Shashy's pie case

“I also make Louisiana Cajun-style gumbo, etouffee, and barbecued shrimp, Lowcountry Charleston sauté, and other dishes just because that’s what I like to eat,” Jimmy says.

He’s obsessed with freshness. “I go three times a week to the local farmers market, the Montgomery Curb Market, to pick up silver corn, onions, cantaloupe and blueberries in summer, or collards, turnip greens and rutabaga in winter—whatever looks good at the time—and work it into the menu.”

That devotion to freshness led Jimmy into vegetable farming as a sideline. “I work here at the bakery all morning, leave at about 3 in the afternoon, go down to the farm and put in another 4 or 5 hours tending my vegetables,” he says. “I’m growing the squash, okra, eggplant and a lot of the other produce we serve in the café.”

The one aspect of his story that seems most out of place is the wildlife science part, which he explains it in midlife crisis terms. “There I was, turning 40 and I’d already been in the food business for half my life,” he says. “Early on I’d thought about a career in wildlife biology or something like that, and I knew I wouldn’t be content until I got the degree I’d always wanted. So I kept running the bakery as always and took courses at Auburn whenever I could squeeze them in until I finally got it. I don’t suppose I’ll ever use that degree for anything other that managing my family’s land, but I get a great sense of satisfaction out of just having followed through.”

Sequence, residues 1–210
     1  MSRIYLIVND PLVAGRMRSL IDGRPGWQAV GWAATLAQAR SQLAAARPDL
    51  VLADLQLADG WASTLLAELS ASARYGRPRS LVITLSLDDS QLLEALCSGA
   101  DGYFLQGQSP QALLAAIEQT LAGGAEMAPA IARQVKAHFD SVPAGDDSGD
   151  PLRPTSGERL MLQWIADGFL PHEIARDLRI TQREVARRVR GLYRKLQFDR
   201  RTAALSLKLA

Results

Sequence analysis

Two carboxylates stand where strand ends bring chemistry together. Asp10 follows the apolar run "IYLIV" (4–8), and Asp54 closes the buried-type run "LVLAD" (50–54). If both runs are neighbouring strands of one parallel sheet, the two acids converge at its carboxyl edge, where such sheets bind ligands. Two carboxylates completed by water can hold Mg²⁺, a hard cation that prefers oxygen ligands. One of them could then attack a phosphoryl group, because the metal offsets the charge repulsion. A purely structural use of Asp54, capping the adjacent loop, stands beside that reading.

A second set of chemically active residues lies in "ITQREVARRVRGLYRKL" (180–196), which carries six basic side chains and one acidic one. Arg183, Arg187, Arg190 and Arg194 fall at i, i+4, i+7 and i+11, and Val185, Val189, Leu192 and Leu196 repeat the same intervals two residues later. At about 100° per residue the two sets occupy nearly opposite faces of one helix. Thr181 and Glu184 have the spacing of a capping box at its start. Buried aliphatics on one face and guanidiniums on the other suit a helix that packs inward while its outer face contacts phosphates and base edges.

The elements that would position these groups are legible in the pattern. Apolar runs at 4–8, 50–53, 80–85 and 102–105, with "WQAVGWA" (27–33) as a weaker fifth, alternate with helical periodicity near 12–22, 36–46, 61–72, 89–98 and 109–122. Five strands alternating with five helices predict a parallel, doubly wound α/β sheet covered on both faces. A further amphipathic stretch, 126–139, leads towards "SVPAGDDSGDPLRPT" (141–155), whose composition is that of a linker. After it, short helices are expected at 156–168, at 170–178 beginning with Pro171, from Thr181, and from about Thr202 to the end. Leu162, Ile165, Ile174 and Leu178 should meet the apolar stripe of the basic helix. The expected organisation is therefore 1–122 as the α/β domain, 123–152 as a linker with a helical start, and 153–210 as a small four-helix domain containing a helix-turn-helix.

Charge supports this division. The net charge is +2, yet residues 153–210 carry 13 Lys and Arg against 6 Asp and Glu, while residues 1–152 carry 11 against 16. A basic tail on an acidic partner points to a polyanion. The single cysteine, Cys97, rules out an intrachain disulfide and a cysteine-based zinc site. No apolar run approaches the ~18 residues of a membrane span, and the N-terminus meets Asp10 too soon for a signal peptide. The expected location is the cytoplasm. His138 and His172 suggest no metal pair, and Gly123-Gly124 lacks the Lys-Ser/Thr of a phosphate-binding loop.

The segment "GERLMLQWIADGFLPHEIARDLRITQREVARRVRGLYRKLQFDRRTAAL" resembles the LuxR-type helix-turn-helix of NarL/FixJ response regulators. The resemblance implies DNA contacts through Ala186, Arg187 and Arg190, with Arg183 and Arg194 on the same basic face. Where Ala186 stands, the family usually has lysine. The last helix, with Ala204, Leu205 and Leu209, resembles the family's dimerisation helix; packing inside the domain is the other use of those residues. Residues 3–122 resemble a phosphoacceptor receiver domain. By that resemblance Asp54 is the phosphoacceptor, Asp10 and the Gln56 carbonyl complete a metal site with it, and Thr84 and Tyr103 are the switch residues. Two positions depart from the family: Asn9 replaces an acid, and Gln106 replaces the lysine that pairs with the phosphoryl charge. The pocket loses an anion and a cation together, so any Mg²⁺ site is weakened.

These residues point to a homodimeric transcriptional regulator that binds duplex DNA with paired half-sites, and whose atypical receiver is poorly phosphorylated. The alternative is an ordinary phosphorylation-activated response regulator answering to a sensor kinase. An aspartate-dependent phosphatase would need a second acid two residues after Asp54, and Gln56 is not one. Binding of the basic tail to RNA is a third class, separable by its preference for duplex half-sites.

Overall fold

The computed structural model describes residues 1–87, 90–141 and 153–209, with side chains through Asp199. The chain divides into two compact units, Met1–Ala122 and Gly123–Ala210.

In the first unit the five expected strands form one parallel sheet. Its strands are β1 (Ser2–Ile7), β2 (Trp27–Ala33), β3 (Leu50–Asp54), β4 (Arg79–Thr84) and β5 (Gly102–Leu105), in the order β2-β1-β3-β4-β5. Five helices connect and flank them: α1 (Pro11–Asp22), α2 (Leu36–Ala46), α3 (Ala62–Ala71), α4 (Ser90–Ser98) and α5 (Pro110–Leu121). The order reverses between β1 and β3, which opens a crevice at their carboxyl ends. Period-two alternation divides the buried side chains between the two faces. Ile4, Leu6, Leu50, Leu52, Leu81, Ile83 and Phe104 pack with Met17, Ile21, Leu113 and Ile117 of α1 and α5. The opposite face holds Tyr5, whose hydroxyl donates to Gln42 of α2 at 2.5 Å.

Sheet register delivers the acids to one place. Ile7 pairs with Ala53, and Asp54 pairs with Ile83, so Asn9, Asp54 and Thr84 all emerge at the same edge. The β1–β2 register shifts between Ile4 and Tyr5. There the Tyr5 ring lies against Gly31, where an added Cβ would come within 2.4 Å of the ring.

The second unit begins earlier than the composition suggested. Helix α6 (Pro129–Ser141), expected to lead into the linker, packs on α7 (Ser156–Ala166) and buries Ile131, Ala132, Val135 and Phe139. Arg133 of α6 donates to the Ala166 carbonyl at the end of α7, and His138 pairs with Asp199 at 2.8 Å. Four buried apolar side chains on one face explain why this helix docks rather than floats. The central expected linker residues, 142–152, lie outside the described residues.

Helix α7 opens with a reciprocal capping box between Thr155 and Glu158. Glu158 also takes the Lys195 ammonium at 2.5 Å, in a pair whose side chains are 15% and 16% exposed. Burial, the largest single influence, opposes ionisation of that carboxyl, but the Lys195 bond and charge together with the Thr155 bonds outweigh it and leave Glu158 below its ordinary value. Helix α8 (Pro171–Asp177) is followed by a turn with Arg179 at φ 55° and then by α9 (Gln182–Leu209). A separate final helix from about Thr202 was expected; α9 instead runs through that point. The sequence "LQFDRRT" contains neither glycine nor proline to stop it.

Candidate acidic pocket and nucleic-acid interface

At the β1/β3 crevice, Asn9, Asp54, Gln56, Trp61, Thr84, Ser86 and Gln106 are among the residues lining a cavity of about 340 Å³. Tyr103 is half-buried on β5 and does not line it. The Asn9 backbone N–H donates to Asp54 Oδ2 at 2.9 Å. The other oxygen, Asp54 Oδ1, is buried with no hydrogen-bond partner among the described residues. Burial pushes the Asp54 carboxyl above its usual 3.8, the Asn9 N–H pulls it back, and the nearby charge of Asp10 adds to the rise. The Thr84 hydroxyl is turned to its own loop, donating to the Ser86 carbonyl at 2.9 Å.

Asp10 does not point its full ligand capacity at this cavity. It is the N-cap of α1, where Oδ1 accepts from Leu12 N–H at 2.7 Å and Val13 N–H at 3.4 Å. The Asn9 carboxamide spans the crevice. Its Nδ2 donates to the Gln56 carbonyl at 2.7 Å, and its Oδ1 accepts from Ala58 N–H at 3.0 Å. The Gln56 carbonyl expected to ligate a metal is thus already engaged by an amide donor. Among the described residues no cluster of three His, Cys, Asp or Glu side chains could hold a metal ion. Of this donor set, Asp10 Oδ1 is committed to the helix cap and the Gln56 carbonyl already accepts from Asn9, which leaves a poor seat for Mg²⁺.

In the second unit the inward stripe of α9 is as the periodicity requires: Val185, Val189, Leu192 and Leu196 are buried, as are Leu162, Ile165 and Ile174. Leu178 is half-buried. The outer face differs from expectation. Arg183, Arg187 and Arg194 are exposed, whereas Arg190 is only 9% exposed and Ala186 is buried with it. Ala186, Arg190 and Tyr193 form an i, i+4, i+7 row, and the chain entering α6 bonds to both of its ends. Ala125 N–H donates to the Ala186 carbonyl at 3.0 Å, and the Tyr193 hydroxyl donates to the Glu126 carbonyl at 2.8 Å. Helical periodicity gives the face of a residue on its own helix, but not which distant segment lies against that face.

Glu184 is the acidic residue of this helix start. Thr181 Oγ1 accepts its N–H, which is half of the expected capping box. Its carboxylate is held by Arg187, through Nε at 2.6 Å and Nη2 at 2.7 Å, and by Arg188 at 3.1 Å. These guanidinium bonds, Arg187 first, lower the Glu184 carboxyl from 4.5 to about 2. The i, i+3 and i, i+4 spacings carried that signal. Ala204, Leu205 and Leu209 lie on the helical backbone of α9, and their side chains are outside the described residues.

Shashy’s Bakery & Fine Foods

1700 Mulberry Street

Montgomery, AL 36106


no website, but click here for  Shashy’s Facebook Page


For more about visiting Montgomery: visitingmontgomery.com

For more about visiting Alabama: www.alabama.travel

Why My Father the Baker Never Paid for a Haircut

This is no because-he-was-bald joke. The man knew how to swing a deal. It took a Dumpster-diving bum to solve the mystery for me.

by Bakery Boy

My well-coiffed dad

Next door to my family’s original bakery in Charleston, West Virginia, was a small barbershop run by a good-natured man called Doc Baker. Despite the name, he was neither a doctor nor a baker, just an old-fashioned no-frills hair cutter. As a small child I often tagged along to play in the rarely used second barber chair while my father got his hair cut, like clockwork, every other week.

Doc Baker, the Barber